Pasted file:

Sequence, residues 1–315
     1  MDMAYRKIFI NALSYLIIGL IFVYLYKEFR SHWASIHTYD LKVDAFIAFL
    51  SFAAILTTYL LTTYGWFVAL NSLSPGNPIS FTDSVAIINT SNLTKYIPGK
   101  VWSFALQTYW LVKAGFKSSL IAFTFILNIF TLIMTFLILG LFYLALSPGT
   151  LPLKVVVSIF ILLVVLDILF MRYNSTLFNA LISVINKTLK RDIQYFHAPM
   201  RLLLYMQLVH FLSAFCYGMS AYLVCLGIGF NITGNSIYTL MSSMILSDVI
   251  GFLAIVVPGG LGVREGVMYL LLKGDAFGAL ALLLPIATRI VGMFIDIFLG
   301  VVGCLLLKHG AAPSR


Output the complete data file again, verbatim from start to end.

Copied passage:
Sequence, residues 1–315
     1  MDMAYRKIFI NALSYLIIGL IFVYLYKEFR SHWASIHTYD LKVDAFIAFL
    51  SFAAILTTYL LTTYGWFVAL NSLSPGNPIS FTDSVAIINT SNLTKYIPGK
   101  VWSFALQTYW LVKAGFKSSL IAFTFILNIF TLIMTFLILG LFYLALSPGT
   151  LPLKVVVSIF ILLVVLDILF MRYNSTLFNA LISVINKTLK RDIQYFHAPM
   201  RLLLYMQLVH FLSAFCYGMS AYLVCLGIGF NITGNSIYTL MSSMILSDVI
   251  GFLAIVVPGG LGVREGVMYL LLKGDAFGAL ALLLPIATRI VGMFIDIFLG
   301  VVGCLLLKHG AAPSR